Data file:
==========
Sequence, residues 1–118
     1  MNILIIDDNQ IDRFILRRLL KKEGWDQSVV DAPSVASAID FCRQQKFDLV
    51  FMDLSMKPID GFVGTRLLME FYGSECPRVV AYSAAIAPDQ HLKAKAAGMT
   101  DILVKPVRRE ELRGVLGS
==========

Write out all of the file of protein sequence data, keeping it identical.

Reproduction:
Sequence, residues 1–118
     1  MNILIIDDNQ IDRFILRRLL KKEGWDQSVV DAPSVASAID FCRQQKFDLV
    51  FMDLSMKPID GFVGTRLLME FYGSECPRVV AYSAAIAPDQ HLKAKAAGMT
   101  DILVKPVRRE ELRGVLGS